We are all in the gutter, but some of us are looking at the stars.

      Oscar Wilde

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      10-08-2012 11:01 AM #38
      A special version of the 2CV was the Sahara for very difficult off-road driving, built from December 1960-1971. This had an extra engine mounted in the rear compartment and both front- and rear-wheel traction. Only 694 Saharas were built. The target markets for this car were French oil companies, the military, and the police.
      Quote Originally Posted by Harry S. Truman
      Never kick a fresh turd on a hot day

    4. Member Crimping Is Easy's Avatar
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      10-08-2012 11:12 AM #39
      I appreciate all the help so far, guys.

      If I do end up with one, there's no way in hell it would be my daily driver because it's too slow and unsafe, as people have mentioned. I'm looking at one as sort of a fun weekend project.

      I want something that's extremely simple to work on, since I'll be doing all the work myself, which is why I'm wanting to steer clear of cars that are somewhat complicated like the DS and SM.
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      10-08-2012 11:25 AM #40




      Quote Originally Posted by Blackohio
      Built in boost gauge in the dash. One of my friends at the time saw that turbo was on theoretical empty and asked if we needed to stop and get more turbo. I gave it gas and he was like wait, its full now. Had to quickly explain the process.
      Quote Originally Posted by Calcvictim View Post
      so basically the OP has no clue about anything and just posts out of his ass?

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      10-08-2012 11:35 AM #41
      Quote Originally Posted by atomicalex View Post
      . Tiny little engine, disc (!) brakes, and seated four.
      not disc brakes... simple drums at all four corners. Inboard drums.





      http://www.citroen-restoration.co.uk/2cv/index.htm

      Quote Originally Posted by Barry2952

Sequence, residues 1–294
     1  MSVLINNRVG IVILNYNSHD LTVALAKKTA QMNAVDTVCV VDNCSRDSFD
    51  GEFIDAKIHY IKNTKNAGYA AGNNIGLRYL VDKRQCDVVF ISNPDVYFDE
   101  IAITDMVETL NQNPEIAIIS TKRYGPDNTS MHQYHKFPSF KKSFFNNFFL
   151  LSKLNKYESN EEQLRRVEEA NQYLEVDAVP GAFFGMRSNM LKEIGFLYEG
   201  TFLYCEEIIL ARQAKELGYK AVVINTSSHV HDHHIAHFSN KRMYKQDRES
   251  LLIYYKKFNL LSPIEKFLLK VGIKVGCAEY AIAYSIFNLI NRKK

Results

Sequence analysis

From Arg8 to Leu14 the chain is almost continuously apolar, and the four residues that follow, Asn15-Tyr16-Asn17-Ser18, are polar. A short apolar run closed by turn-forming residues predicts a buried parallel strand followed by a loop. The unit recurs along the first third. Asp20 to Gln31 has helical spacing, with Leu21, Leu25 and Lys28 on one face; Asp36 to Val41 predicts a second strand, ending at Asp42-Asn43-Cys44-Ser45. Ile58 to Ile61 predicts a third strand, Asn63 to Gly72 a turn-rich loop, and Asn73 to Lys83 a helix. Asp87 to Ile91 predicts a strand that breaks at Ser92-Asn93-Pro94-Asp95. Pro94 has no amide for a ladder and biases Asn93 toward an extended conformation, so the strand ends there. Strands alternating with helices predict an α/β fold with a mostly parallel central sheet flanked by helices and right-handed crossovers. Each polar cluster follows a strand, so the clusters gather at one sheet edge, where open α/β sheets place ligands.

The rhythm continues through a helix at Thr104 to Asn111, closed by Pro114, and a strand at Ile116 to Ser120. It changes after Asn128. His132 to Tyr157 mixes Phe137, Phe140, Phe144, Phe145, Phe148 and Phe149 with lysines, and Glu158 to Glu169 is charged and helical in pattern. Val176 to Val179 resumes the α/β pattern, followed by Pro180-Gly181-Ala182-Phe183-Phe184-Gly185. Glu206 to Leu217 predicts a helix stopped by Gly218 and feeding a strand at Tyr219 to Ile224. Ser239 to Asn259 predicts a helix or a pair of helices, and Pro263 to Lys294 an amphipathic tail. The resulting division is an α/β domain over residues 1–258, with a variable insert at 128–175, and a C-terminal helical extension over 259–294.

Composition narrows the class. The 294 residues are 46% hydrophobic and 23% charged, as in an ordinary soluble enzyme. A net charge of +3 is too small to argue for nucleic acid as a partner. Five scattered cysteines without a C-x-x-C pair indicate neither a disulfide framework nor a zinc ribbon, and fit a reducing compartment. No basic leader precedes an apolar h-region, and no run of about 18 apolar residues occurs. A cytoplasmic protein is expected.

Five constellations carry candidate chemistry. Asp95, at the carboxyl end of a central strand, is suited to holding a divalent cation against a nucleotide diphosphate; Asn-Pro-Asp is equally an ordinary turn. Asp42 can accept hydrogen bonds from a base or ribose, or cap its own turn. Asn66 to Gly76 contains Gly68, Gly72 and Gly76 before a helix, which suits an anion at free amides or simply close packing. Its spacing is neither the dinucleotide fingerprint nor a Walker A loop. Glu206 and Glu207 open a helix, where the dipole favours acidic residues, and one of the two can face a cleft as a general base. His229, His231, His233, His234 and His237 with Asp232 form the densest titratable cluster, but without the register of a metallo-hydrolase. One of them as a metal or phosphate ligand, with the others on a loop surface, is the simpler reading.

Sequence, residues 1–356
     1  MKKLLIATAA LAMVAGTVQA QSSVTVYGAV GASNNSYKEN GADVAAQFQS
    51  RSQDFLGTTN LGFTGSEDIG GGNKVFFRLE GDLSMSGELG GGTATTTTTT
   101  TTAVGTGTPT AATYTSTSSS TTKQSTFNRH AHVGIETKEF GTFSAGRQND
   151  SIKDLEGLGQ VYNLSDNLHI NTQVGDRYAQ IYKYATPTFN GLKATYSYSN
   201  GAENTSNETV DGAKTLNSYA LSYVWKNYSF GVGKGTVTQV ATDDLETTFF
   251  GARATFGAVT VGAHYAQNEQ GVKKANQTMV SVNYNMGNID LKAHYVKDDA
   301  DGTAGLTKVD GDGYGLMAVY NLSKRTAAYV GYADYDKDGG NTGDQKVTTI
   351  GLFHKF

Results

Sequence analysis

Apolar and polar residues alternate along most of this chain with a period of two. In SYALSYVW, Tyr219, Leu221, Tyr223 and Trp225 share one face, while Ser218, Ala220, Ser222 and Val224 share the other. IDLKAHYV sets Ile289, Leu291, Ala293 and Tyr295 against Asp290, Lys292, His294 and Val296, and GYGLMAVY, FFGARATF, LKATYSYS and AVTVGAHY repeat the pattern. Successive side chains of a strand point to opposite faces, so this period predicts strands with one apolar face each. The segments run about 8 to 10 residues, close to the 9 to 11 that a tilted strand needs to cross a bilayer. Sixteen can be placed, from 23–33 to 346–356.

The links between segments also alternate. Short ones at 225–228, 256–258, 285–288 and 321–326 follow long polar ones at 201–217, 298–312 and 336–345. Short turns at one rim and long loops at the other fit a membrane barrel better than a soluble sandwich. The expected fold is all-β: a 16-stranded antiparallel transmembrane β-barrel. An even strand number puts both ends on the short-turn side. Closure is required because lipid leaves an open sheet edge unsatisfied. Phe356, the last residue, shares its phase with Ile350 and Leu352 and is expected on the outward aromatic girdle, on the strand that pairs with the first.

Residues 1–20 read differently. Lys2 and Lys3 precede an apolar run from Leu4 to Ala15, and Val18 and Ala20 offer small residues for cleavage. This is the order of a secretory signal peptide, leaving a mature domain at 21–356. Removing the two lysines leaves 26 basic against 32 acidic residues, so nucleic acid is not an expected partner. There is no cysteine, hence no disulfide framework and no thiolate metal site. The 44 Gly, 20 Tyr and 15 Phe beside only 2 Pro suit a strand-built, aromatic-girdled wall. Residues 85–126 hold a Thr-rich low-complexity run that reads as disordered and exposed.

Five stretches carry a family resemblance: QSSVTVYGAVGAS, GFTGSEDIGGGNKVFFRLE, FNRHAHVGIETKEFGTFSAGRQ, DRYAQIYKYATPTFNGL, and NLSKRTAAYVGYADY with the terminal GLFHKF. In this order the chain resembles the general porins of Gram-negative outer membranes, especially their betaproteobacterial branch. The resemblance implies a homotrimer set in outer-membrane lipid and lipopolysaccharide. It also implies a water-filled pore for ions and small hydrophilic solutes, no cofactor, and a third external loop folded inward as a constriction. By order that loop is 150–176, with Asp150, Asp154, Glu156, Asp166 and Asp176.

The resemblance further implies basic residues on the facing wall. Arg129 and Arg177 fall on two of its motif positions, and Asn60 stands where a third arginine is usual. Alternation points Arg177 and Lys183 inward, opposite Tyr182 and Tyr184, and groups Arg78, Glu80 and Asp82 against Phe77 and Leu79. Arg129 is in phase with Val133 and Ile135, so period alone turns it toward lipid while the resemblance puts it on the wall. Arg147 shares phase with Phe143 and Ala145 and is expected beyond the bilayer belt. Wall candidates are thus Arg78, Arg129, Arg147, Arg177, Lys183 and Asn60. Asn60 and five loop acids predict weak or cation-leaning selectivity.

I dragged her back to see the $4,500 Pacer. She hated it, but we bought it. She went home and cried. (when we sold it) my wife put an ad in the newspaper. A woman came out to look at the car. She said, "I really didn't go out looking for a Pacer." My wife replied, "Lady, nobody goes out looking for a Pacer. It's eighteen hundred bucks, take it or leave it!" The woman took it and drove away smiling. My wife cried.

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      10-08-2012 11:58 AM #42




      from '81 up discs were fitted to the front

      (photo of electric drive conversion)





      Quote Originally Posted by alleghenyman View Post
      All of the rust, bondo, and patchwork done with old street signs gives them the crash safety of a cake decoration.

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      10-08-2012 12:01 PM #43


      Quote Originally Posted by TheBurninator View Post
      Wheel gap is like women, the more fingers you can fit the worse off you are

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      10-08-2012 12:09 PM #44




      Quote Originally Posted by Surf Green View Post
      It's not hard to tell when a driver is texting. If I can do it while driving a manual, eating a cheeseburger AND loading a shotgun... the average driver, who is admittedly much smarter, and more coordinated than me, should be capable of seeing it too.

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      10-08-2012 12:20 PM #45
      I don't think a lot of us are "hating" the 2CV. But we sure are entertained and provoked to laughter by some of the aspects of this car. Engineering tour de force.... absolutely.